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## Re: [h5md-user] fields of observable group

 From: Konrad Hinsen Subject: Re: [h5md-user] fields of observable group Date: Wed, 7 Sep 2011 11:03:19 +0200

```On 6 Sep, 2011, at 11:00 , Felix Höfling wrote:

> If we restrict to isometric transformations, the matrix shall be
> orthogonal. This appears to be pretty general already, see
> http://en.wikipedia.org/wiki/Euclidean_group.

Indeed. I don't see any point in going beyond isometric transformations for
atomic systems.

> It think about two optional attributes "transformation" and "shift"
> attached to the "box" group. They hold datasets of ranks 3 and 2,
> respectively: a square matrix and a vector for each copy of the stored
> particle coordinates.

For the applications I can think off, it would be excessive to store
transformations for each configuration (i.e. each time step). The situation of
variable box size and shape can be solved by storing the transformations in
fractional coordinates, as it is the habit in crystallography. A truncated
octahedral, for example, would have a symmetry transformation saying "translate
by 1/2 of each lattice vector".

> One problem appears here: if the box size fluctuates, the shift vector has
> to be adjusted as the simulation progresses. If the matrix is orthognonal,
> i.e., of norm unity, it is unaffected. Maybe the shift vector should be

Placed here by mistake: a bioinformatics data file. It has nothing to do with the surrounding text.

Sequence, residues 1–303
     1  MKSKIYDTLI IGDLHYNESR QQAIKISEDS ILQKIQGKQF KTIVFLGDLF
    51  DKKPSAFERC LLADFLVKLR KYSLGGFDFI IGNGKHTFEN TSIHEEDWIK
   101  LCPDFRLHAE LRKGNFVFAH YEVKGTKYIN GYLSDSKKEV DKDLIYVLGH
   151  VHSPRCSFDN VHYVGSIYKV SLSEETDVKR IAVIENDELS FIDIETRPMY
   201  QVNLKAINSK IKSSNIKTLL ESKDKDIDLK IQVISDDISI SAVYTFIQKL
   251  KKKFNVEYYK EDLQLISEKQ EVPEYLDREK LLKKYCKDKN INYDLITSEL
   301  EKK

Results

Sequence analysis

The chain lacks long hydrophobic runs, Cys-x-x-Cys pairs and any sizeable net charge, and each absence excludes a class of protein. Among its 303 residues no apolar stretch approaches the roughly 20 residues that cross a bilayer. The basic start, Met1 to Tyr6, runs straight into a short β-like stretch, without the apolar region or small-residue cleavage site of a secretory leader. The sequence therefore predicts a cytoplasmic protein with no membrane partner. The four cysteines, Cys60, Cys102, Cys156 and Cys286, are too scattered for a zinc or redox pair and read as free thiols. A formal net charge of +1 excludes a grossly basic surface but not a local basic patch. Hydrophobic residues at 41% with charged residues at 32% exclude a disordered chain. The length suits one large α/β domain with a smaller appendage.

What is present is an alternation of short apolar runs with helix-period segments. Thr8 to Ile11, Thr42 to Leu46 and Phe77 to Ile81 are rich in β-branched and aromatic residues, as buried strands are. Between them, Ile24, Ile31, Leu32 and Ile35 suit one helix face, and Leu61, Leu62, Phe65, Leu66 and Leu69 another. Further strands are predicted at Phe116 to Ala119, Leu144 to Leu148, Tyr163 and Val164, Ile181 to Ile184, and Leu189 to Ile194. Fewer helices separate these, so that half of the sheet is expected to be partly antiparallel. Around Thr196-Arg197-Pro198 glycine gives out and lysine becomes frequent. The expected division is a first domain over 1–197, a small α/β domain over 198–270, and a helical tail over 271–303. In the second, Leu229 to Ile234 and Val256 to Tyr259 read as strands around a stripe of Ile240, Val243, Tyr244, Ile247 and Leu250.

> unified with 'offset'?

Even an orthogonal matrix must be adjusted for changes in box size. Take for
example a rotation around the center of the box: even if the orthogonal matrix
always stands for a rotation, its axis would be wrong after a change of box
size. But fractional coordinate rotations take care of all that.

> Shall the boundary conditions of the box be stored in an H5MD file? I can
> think of open boundaries, periodic boundaries and (a bit weird)
> Klein-bottle boundaries (a torus plus a twist). The same question arises
> for the velocities in case of Lee-Edwards boundaries.

There's also 2D-periodic systems (for surface simulations). I don't know if
1D-periodic is used in real life, but it is possible in principle. And yes, I
think that information needs to be stored in order to make the coordinate data
interpretable.

> The role of the offset may change with the inclusion of Euclidean
> transformations, see above. Just one remark: for studies of transport in
> liquids, it is desirable to store the unwrapped trajectory of each
> particle in periodic space, otherwise the displacements after long time
> lags get unphysically truncated. Thus the positions should definitely not
> be enforced to be within the unit cell, leaving it open to the writer
> whether to reduce them or not.

That makes sense.

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